He was the Commissioner of Public Safety during the sixties, during the civil rights era. Most people know probably that he was the man behind the dogs and the fire hoses, those kinds of iconic pictures that you see from that era, at that time. So I had access to all of his words that he used during that time.

And you know, I read a biography of him. I read, “Carry Me Home,” which is Diane McWhorter’s kind of bible of the civil rights era in Birmingham or in the South. That’s where the book began. That’s how it started and I honestly didn’t know if it would work. Sometimes, I wonder if it did work. You know, I still wonder if that was the right thing to do, to bring attention to this man in this way.

I really kind of lived with his words for the past 10 years. And we know what’s happened during those past 10 years, so it’s not like they have gotten any less meaningful from then to now.

You think of George Wallace’s speeches. And I know that Bull Connor’s background before he was police commissioner was actually in radio and play by play calling for both the white baseball teams and the Negro league baseball teams in Birmingham. What was it about his speeches, his correspondence that drew you as a source of, I don’t know if inspiration is the right word, but as a source of exploration.

Hughey: Well, I think it’s because they were accessible. Because they were there. To be used, to be found. I will say I was also at that time kind of inspired by some other projects. You know, drawn to Harryette Mullen, who is a poet. She actually was born in Florence, lived in Texas or grew up in Texas, but she had written a book called Recyclopedia, which played with Gertrude Stein’s Tender Buttons.

And she was at that time kind of trying to negotiate between her admiration for Stein and her playful syntax and her kind of ruminations on femininity and this domestic space that women live in, but she was trying to grapple with that and the racist imagery that was in Stein’s work. That was a project that I was interested in.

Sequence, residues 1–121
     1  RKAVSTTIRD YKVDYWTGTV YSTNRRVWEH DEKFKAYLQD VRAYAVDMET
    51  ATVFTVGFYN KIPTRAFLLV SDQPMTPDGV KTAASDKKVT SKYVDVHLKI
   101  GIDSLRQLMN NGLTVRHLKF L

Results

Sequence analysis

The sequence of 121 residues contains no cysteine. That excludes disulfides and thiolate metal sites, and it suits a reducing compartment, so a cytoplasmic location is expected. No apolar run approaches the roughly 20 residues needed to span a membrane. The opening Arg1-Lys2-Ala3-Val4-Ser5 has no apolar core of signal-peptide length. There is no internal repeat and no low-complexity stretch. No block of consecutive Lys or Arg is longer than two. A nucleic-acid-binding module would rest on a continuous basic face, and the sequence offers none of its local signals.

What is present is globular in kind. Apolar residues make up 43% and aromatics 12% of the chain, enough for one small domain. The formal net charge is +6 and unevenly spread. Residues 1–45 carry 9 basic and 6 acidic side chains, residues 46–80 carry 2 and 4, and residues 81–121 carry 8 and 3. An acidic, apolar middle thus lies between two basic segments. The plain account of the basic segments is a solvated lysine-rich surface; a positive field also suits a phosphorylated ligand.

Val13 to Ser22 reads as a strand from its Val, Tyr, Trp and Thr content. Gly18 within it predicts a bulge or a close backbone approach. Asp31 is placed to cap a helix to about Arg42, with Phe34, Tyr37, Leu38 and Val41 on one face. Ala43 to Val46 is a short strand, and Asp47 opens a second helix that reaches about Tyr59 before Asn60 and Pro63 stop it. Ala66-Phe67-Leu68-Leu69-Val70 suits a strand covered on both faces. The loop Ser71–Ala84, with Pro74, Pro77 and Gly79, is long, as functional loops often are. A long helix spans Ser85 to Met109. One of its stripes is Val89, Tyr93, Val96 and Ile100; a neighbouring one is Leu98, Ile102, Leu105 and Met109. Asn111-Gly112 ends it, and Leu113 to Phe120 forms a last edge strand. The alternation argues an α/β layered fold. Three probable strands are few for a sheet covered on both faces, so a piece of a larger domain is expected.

And also artists like Kara Walker too, was a silhouette artist who was kind of retelling the narrative of Antebellum South using these large silhouettes, kind of classic silhouettes to tell that story through enslaved people’s eyes and imagery.

So I think I was looking for material. I think I was looking for what would mine be? What is my material going to be? If I want to add to that conversation, what would I use? And Bull Connor was right here with me, you know, unfortunately, I mean, like he’s just still here. So I just was drawn to those words.

Reckon: There’s a poem early on, this was not one we had discussed you reading, but it does describe you living on his street and, in some ways, seeming haunted that you are being stalked by Bull Connor around Birmingham. It is called “House of Bull.” And I wondered if you might read that one for us real quick.


House of Bull

A man sits alone in a house next door

to a man alone in his house next door

to mine. One of these houses is yours.

We walk over your footsteps.

We breathe in the words that you

 blew out. It has taken fifty years

 for the sounds of the fireworks to wake us

and we never saw the show.

We were children put to bed early.

The teacher said all men go

 to the same place to dream

but that is not where we go to see you.

Every window has your face.

We can’t say which house it is.